All cyclists have different riding styles. Some road riders ride mostly in the hoods (see picture below), while others like to ride in the drops (lowest position on the handlebars). I never was one to spend much time in the drops, so I did not have to alter my riding style too much. If you spend most of your time in the drops, then you might have to raise your handlebar height more than most, or you will always be riding in an unsafe position with your hips rotated too far down. As a rule of thumb, I would recommend that you have less than 8 cm difference between the height of the top of your seat and the height of the top of your handlebars. This ratio is best seen by looking at the side profile of your bike, and measuring the differential between your seat and the handlebars. Learning to ride in a slightly less aero position, while spending more time on the hoods, is generally safer and a small sacrifice to make. It is pretty difficult to achieve a safe position if you tend to stay in the drops for extended periods of time. Most cyclists spend time riding in the hoods- the hoods are the gizmos on your road bike where you rest your hands when you are shifting or braking – you can shorten your position by adjusting the hood height. Hoods can be moved up or down along the handlebar. To adjust them, loosen the bolt that is hidden on the outside of each hood, located under the rubber cover. A standard rule of thumb for hood placement is to have the brake lever perpendicular to the ground. I recommend moving the hoods up the handlebar a little so the length it takes to reach them is shortened, see photo.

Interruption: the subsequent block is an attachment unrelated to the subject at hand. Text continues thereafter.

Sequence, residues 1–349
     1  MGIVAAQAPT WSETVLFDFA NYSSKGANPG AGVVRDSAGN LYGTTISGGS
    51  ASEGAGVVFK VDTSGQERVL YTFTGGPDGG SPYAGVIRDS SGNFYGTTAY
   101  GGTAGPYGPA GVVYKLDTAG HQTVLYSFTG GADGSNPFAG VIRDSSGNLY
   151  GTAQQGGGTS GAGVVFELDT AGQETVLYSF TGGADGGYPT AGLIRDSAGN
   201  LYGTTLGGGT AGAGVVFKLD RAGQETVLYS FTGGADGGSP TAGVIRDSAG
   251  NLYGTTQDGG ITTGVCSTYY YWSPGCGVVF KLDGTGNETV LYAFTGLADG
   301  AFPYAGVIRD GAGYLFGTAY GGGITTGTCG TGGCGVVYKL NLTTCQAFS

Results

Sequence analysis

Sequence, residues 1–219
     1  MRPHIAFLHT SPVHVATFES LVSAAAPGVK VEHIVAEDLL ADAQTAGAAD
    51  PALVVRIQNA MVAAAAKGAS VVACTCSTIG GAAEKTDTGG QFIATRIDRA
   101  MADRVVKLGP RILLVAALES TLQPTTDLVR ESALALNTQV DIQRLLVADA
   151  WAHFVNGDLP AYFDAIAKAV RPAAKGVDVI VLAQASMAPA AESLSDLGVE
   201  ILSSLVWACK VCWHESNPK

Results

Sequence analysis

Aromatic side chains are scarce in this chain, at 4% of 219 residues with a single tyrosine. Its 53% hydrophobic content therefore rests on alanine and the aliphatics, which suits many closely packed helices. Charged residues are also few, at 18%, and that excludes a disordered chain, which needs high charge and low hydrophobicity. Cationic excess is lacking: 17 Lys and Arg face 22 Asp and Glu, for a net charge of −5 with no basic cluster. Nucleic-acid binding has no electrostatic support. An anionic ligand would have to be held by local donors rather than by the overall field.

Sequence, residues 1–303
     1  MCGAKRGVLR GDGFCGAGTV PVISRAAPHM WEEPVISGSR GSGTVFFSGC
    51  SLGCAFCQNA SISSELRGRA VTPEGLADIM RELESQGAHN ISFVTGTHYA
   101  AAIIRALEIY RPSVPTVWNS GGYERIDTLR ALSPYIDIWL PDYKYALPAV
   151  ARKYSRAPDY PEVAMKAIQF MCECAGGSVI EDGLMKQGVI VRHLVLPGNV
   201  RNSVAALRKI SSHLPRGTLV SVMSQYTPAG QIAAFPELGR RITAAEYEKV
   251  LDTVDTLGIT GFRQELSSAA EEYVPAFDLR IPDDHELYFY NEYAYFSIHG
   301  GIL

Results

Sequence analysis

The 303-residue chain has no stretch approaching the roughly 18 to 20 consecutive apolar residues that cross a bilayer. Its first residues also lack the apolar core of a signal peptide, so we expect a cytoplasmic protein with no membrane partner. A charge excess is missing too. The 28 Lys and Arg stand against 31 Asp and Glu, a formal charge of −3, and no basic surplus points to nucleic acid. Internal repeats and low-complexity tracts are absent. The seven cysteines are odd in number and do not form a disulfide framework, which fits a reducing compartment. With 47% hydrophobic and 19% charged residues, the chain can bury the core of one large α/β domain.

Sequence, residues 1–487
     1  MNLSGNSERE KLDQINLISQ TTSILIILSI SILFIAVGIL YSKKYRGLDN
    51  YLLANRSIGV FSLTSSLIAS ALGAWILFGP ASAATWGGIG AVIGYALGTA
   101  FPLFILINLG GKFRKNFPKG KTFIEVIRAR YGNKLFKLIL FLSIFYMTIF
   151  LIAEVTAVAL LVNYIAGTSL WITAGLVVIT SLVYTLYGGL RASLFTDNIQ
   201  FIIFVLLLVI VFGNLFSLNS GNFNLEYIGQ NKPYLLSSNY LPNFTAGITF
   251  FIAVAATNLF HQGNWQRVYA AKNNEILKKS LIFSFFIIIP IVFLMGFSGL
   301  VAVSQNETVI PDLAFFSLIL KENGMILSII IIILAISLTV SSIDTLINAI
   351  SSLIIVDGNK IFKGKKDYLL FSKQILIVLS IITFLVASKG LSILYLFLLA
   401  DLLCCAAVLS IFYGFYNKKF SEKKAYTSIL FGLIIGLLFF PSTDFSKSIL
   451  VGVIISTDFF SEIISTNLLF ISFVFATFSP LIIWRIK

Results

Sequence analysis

The next variable to look at is the saddle fore/aft position. I purposely put stem length ahead of saddle position because most cyclists are more particular about the relationship of their hips/knees to the pedals than they are to the relation of their upper body, which is more benign. Therefore, people are more likely to adjust their handlebar position than the position of their saddle. Saddles have a fore and aft movement that can be adjusted by loosing the seat post bolts and sliding the saddle forward or backwards. Most seats have about 2-3 cm of room to play with. If you find that your saddle is jammed all the way forwards on its rails and have no more room, consider a different seat post. Certain seat posts are made with a layback in the design construction (see left picture) and others have a more upright design (see right picture). This means that some seat posts are designed to offset the saddle backwards, while others place the saddle directly on top of the post. You can tell which is which by looking at the location of the saddle clamp in relation to the seat post. An upright seat post can shorten your reach by 2 centimeters.